Jun 21, 2013 - The Associated PressLARAMIE -- University of Wyoming director of golf Joe Jensen always believed that former Wyoming golfer David Hearn could make it on the PGA Tour.
And it wasn't just because of his game.
Jensen, who was an assistant coach at UW when Hearn played for the Cowboys from 1997 to 2001, saw something different in the Canadian than in most college golfers.
He saw a determination, perseverance and commitment to the game that others simply didn't have.
Now, 12 years after Hearn left Wyoming to pursue his dream, we all can see what Jensen saw those many years ago: a PGA Tour professional.
"He knew he was going to play golf for a living, period," Jensen said. "There was no ifs or ands for him. His commitment to do whatever it took for him to play golf for a living, he did. It was very important for him to do it."
That commitment paid off for Hearn last weekend when he finished in a tie for 21st at the U.S. Open. It was Hearn's best finish ever in a major and marked the third straight PGA tournament in which he has finished in the top 25.
His play at Merion Golf Club even exemplified what the former Cowboy has become known for: not giving up.
Hearn shot an 8-over-par 78 in the first round and was in serious danger of missing the cut as the second round unfolded. But Hearn's perseverance paid off, and he shot a 1-under 69 to make the cut by a stroke. Rounds of 73 and 71 even got him on national television for a shot, sinking a birdie putt on No. 7 in Sunday's final round.
Hearn made just over $86,000 for his performance, and he has earned $603,000 this season.
Last year, he eclipsed the million-dollar mark in earnings in his second season as a full-time PGA member. He is well on his way to earning his tour card again this season, currently ranked 92nd on the money list.
But it wasn't always like this for Hearn.
After leaving UW, Hearn bounced around the pro satellite golf tour circuit before earning his first PGA tour card in 2005. He played in 24 events that year, making nearly $200,000.
He received full-time status on the Web.com Tour, then known as the Nationwide Tour, in 2007, where he played until earning his PGA card again for the 2011 season. He has been a PGA Tour regular ever since.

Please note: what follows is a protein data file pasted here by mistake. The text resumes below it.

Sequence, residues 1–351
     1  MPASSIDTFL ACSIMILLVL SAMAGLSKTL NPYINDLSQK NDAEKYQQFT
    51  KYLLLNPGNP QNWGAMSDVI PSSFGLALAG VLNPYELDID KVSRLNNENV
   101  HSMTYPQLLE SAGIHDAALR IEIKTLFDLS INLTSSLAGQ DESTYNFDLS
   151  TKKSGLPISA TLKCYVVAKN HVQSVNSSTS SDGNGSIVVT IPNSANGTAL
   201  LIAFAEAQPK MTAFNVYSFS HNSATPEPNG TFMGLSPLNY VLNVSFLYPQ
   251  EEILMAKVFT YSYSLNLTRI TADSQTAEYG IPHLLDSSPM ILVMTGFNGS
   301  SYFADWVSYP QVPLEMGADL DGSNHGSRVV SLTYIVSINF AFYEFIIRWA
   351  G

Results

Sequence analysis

And he has done it like he did back in his days at UW, not with flash and brilliance, but with steadiness and that determination Jensen talked about.
Honestly, if you look at this year's PGA statistics, it seems hard to believe that Hearn has done as well as he has this season. He is 91st in the tour in greens in regulation (64.9 per tournament), 109th in driving accuracy (58.7 percent) and 146th in driving distance (279.5 yards).
"His ball striking is usually premium," Jensen said.
The one thing Hearn has improved on is his putting. He's currently ranked ninth on the tour in putting strokes per hole (1.721).
And he's done all this while not forgetting where he came from.
Jensen said he remains in constant contact with Hearn, and Hearn was one of the main donors to the soon-to-be-built UW indoor golfing facility.
Hearn even returned to UW to complete his degree in psychology in 2008.
Jensen sees something else in Hearn, who turned 34 this season: He sees a seasoned professional who should represent UW for a long time.
"He's a great representative of the university," Jensen said. "He's always asking for UW stuff that he can show off on tour. He's proud to be a Cowboy."
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